A little known fact is one of the greatest breakthroughs in 20th century medical science came from a preparation used to shoot monkeys down from the tops of trees. Naked “primitives” running around the jungle with blowguns turned out to be master chemists whose curare, a paralyzing muscle relaxant, revolutionized the practice of anaesthesiology, making possible the open heart, organ transplant and hundreds of other surgeries now performed daily in hospitals around the world.
Many experts claim the teeming life of the rainforests continues to promise cures — to AIDS, cancer, diabetes, auto-immune disorders. Yet where are these miracle drugs? Have we exhausted Nature’s cornucopia? Or are we wearing blinders that prevent us from seeing them?
We decided to pose this question to Dr. Mark Plotkin. One of the generation of swashbuckling ethnobotanists trained by the legendary Amazonian explorer Richard Evans Schultes at Harvard, Plotkin is as intimate with the shamans of the jungle and their healing practices as any Westerner now alive — and he claims the cures are there. He’s seen them.
As a young man, Plotkin heeded his mentor’s call to go forth and apprentice himself to the Indians. Living for many years with different Amazonian tribes, Plotkin eventually authored several books, including Tales of a Shaman’s Apprentice and Medicine Quest. He also co-founded the Amazon Conservation Team with prominent Costa Rican conservationist Liliana Madrigal.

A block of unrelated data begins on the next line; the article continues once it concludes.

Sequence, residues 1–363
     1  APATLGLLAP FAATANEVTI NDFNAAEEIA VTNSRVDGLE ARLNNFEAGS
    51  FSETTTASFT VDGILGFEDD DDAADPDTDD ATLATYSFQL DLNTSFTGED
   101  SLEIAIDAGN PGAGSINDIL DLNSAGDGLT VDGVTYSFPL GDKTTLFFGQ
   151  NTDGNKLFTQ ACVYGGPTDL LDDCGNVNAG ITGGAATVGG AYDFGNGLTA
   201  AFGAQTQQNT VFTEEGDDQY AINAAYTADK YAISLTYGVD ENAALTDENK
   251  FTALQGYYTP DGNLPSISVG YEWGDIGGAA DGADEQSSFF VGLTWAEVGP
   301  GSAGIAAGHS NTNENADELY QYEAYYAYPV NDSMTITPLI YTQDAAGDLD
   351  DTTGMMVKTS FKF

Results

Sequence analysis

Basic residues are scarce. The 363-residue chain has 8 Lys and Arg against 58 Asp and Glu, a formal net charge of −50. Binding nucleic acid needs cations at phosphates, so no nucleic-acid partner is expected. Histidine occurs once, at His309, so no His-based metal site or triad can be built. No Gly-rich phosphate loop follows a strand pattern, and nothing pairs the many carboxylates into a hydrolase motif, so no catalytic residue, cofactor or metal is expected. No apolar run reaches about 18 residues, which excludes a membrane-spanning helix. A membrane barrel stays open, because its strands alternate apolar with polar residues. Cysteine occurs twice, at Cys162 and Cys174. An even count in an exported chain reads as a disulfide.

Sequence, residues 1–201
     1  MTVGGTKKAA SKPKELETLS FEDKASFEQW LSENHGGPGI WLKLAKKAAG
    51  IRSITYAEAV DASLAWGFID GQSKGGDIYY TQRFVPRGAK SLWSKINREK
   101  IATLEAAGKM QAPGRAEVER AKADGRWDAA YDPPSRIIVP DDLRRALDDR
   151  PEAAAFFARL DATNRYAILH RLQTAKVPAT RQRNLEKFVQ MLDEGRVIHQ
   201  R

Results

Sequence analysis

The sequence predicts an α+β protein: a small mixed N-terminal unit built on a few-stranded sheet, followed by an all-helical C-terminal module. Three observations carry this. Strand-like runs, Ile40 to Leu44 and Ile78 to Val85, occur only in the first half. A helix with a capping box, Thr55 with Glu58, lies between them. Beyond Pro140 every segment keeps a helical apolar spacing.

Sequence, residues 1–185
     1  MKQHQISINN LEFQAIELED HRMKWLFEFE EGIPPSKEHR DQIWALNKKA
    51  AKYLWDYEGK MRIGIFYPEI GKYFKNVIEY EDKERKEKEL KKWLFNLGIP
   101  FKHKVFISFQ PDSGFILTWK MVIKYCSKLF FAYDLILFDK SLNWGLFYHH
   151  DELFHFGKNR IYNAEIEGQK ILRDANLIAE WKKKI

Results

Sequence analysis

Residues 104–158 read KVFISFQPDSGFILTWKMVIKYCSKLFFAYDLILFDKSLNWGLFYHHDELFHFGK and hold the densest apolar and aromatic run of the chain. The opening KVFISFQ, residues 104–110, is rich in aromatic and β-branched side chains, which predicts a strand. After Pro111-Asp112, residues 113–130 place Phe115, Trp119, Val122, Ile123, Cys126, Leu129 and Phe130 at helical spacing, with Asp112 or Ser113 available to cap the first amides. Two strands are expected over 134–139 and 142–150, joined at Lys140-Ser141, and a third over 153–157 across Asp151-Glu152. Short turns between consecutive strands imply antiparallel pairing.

ACT is one of the few non-profit organizations determined to put itself out of a job by handing all its powers over to those it is trying to save. And “save” it literally is: hundreds of tribes and their ancient systems of knowledge have gone extinct in the years since European contact, and just as the survival of the Amazon rainforest is now at stake, the ancient cultures of the forest could vanish as well within a generation. That is, unless astute visionaries like Mark Plotkin and his tribal colleagues have their way.
The fifty-two year old ethnobotanist appeared for our interview nearby the UC Berkeley campus accompanied by a shaman from the Ingano tribe, a soft-spoken middle-aged man, Don Fernando, wearing a baseball cap, whom Plotkin had brought to the United States as part of a campaign to protect his people from the violent incursions of timber and oil companies. Before arriving, Plotkin had emphasized, “You can photograph me, but no photos of the shaman. If his image got back to Colombia, it could be very dangerous.” Both of them wore jeans and native jewelry and spoke with an easy familiarity that indicated mutual respect.